Habitat Work - The HuntingPA.com Outdoor Community
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post #1 of 44 (permalink) Old 03-02-2014, 08:45 PM Thread Starter
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Habitat Work

Maybe Bowmike can pin this thread and it can be a place where we can talk about what habitat work we did that day. Small game hunting is much improved by habitat work and it would be good to see what others are doing.

"The wildlife and it's habitat cannot speak for itself. So we must and we will." Teddy Roosevelt
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post #2 of 44 (permalink) Old 03-02-2014, 08:48 PM Thread Starter
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Re: Habitat Work

This isn't small game work but I pruned an apple tree where I deer hunt. I have two other trees to do yet. The deer love those apples in the fall

"The wildlife and it's habitat cannot speak for itself. So we must and we will." Teddy Roosevelt
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post #3 of 44 (permalink) Old 03-02-2014, 09:27 PM
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Re: Habitat Work

Sounds like a good idea. I just found out that after this growing season is over that a local club is going to take 1.3 acres that is currently being farmed and make it a food plot. Every bit helps.
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post #4 of 44 (permalink) Old 03-02-2014, 09:42 PM
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Re: Habitat Work

I hinge cut trees in our fence rows today at the farm. Should provide many benefits to small and large game.

If you enjoy hunting please find a way to give back to the sport. Our children will thank you.
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post #5 of 44 (permalink) Old 03-02-2014, 10:09 PM Thread Starter
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Re: Habitat Work

Can you explain hinge cutting to those who may not know what it is? How long will a tree live when it's hinged cut?

"The wildlife and it's habitat cannot speak for itself. So we must and we will." Teddy Roosevelt
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post #6 of 44 (permalink) Old 03-02-2014, 10:22 PM
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Re: Habitat Work

Hinge cutting is cutting a tree only partially through until it folds over like a hinge. Normally there is 1/3-1/4 of the tree trunk still intact to provided foliage, buds, and cover, while keeping the tree alive.

As far as life expectancy of the tree, it varies. Species, soil, and location will all determine how long the tree will live. Yet, even after death, the tree still provide something to the wildlife.

The hinge cutting also reduces "Hawk Perches" and allows more sun to hit the plot or fields to increase yields.

If you enjoy hunting please find a way to give back to the sport. Our children will thank you.
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post #7 of 44 (permalink) Old 03-02-2014, 10:58 PM
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Re: Habitat Work

I have been planting American plum thickets at my uncles place as a refuge to give cover for stocked ringneck pheasant.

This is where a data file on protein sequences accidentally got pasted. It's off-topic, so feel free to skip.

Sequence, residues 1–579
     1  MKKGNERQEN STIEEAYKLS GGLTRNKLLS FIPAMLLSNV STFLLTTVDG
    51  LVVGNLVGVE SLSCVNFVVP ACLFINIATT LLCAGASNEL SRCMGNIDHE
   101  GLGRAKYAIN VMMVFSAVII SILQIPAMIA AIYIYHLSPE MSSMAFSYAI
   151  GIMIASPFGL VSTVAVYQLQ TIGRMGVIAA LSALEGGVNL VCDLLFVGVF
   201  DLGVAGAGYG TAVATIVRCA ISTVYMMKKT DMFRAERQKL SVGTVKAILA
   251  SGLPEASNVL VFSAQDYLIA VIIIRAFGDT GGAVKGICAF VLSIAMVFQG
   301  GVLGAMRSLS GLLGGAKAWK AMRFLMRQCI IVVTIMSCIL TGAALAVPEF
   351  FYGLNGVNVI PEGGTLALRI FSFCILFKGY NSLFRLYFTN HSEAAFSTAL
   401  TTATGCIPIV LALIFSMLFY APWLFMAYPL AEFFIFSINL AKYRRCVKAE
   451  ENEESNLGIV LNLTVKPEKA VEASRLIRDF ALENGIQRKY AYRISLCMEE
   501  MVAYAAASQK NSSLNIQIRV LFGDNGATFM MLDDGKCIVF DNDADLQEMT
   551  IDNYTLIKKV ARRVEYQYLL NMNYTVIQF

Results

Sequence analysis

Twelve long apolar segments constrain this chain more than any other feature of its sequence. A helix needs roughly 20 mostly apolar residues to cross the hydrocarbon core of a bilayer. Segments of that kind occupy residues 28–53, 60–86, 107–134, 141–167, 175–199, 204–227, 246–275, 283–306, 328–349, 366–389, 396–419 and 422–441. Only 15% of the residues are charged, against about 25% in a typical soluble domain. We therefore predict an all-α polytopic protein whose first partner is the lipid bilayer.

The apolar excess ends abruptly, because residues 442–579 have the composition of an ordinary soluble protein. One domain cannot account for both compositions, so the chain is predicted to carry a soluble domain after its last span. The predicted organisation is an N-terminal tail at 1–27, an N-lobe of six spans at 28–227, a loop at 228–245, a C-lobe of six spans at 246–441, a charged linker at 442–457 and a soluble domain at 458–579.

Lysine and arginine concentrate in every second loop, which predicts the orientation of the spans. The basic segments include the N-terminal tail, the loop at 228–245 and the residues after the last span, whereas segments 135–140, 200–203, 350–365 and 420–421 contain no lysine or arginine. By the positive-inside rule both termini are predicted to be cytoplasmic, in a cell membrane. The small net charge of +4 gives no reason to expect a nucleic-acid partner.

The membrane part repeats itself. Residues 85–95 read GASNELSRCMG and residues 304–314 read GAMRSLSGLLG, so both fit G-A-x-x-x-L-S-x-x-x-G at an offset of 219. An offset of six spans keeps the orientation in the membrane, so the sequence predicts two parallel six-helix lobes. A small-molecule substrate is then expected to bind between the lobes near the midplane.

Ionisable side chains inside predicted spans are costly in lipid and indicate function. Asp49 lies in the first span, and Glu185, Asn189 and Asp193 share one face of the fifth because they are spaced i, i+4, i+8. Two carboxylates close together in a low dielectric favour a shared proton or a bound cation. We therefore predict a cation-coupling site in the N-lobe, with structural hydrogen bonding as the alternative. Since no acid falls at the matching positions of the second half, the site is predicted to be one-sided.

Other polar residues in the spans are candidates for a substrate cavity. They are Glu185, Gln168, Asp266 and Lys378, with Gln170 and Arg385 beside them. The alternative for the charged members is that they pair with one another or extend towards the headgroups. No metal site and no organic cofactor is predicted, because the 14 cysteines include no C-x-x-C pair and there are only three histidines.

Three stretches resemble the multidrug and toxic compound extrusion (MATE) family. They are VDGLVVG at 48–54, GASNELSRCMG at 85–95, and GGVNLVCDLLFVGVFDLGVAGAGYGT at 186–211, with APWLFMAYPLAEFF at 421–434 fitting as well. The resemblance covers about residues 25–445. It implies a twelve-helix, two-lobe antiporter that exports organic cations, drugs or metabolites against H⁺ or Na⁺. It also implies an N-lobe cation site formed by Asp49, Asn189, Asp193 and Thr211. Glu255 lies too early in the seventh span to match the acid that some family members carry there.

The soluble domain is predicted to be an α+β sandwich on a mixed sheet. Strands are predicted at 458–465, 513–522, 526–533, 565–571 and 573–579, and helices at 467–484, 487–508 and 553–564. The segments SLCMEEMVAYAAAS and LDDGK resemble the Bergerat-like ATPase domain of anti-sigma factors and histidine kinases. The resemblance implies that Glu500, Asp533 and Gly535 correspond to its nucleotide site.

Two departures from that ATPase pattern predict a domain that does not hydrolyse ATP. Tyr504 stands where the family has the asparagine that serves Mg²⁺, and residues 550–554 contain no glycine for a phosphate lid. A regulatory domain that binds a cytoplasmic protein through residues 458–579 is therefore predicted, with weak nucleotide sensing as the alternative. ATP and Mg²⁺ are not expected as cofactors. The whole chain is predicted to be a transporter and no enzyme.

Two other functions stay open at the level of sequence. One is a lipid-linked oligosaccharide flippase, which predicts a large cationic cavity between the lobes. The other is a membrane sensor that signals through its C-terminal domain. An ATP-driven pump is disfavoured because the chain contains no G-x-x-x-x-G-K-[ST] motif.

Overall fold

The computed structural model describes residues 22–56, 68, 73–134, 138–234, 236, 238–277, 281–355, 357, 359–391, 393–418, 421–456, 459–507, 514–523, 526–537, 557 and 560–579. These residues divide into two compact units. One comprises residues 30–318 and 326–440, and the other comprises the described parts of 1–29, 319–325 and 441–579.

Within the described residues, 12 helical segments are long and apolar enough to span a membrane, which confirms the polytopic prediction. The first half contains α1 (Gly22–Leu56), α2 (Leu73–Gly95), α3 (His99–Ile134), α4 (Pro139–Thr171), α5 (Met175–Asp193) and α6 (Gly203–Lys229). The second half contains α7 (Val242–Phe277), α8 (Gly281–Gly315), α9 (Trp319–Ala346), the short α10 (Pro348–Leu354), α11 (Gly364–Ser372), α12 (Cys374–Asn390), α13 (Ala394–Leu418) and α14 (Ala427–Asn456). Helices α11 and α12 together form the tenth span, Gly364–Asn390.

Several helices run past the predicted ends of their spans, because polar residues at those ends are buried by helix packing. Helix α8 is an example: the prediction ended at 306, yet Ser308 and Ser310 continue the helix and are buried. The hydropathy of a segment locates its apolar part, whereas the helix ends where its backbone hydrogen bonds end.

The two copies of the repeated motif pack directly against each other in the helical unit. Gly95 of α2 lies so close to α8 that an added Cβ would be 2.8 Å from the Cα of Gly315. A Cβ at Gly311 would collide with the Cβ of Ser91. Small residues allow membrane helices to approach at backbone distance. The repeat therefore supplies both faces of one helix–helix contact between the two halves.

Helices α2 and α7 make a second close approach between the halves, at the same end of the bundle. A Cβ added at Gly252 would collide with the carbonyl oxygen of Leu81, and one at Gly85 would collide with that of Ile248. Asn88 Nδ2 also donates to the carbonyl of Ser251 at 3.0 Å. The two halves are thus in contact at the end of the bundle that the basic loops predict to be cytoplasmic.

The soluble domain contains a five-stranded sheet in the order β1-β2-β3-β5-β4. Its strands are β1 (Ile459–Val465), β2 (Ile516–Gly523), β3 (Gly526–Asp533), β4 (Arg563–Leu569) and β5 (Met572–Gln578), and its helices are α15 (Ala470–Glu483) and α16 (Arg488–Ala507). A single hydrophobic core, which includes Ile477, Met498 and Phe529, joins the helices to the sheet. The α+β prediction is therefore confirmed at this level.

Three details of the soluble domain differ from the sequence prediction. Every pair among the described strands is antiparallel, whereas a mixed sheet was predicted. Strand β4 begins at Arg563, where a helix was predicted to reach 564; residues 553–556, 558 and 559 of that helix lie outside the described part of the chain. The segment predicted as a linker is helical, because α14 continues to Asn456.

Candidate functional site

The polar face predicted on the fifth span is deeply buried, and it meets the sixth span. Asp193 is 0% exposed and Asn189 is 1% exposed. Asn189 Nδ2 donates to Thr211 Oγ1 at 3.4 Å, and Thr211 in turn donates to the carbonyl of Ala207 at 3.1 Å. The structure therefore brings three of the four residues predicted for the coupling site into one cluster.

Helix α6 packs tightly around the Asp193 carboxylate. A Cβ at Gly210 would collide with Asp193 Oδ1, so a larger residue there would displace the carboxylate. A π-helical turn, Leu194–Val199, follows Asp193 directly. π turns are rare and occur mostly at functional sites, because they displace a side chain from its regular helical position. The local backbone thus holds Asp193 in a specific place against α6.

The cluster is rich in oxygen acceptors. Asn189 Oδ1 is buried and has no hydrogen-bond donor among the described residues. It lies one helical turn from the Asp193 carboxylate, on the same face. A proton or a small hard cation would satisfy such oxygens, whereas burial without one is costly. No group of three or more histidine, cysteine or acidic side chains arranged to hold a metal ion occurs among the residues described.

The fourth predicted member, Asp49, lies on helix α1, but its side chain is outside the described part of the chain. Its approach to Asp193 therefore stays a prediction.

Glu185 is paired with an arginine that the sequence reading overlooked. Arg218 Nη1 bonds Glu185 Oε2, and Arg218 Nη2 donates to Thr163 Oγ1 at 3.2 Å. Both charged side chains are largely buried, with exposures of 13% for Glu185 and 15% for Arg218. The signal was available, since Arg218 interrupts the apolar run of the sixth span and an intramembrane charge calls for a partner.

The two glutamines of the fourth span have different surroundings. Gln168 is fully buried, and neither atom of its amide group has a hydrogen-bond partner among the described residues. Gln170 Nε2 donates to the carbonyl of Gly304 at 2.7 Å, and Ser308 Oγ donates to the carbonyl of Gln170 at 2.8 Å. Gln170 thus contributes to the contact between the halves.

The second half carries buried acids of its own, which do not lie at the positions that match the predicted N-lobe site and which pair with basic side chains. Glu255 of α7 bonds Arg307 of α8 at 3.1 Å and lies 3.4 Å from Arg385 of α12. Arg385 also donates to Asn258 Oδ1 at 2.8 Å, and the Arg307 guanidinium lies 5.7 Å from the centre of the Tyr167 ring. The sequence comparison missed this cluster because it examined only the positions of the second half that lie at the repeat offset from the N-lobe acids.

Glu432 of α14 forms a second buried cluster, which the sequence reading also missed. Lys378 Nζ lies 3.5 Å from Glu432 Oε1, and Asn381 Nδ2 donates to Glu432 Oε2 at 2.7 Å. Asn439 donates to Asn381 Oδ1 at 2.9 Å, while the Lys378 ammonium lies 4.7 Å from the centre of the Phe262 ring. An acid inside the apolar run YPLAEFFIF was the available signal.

I plan on planting some more plums this spring along with some white pine and Norway spruce as thermal cover for snow.

Maybe we will do some cutting but I am not sure.

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post #8 of 44 (permalink) Old 03-03-2014, 01:03 AM
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Re: Habitat Work

The past couple years we have been planting a lot of trees and fruit bearing shrubs. Also created a new food plot that used to be an old logging road so it will benefit more then just deer. This year we are planting just a few shrubs/trees so we can concentrate more on cutting/creating more "edge" habitat along our atv and logging roads. Also going to open up some more "spring seep" areas to create better woodcock habitat. Promoting more goldenrod growth in that habitat and also pruning up some apple trees. This will also be the 4th year for our Warm Season grass field so we will decide if its growth is being of benefit or we want to move in another direction
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post #9 of 44 (permalink) Old 03-05-2014, 09:59 PM
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Re: Habitat Work

Rober, I'm wondering why you would want to promote golden rod? Areas with allot of goldenrod provide a very sparse amount cover and feed from late fall through mid spring. It pretty much flattens out completely from snow.
I rarely find any small game hanging out in dense stands of it during the hunting season. I think small game and most other wildlife benefits more among plantings of asters. Many asters flower all summer and fall so they are good for pollinating insects. They have a spreading root system that holds soil well. They form seed tufts for birds. They provide a stiff canopy that protects from raptors and heavy snow and wind yet allows enough light to filter down to promote low green growth along the ground. I consistently will find good wildlife populations in areas that have allot of heath aster around. Birds, rabbits, mice, etc.. It has just the right amount of density and openness that wildlife easily can get around in it yet be fairly well concealed.

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post #10 of 44 (permalink) Old 03-05-2014, 10:36 PM
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Re: Habitat Work

does golden rod choke out anything else on the ground?
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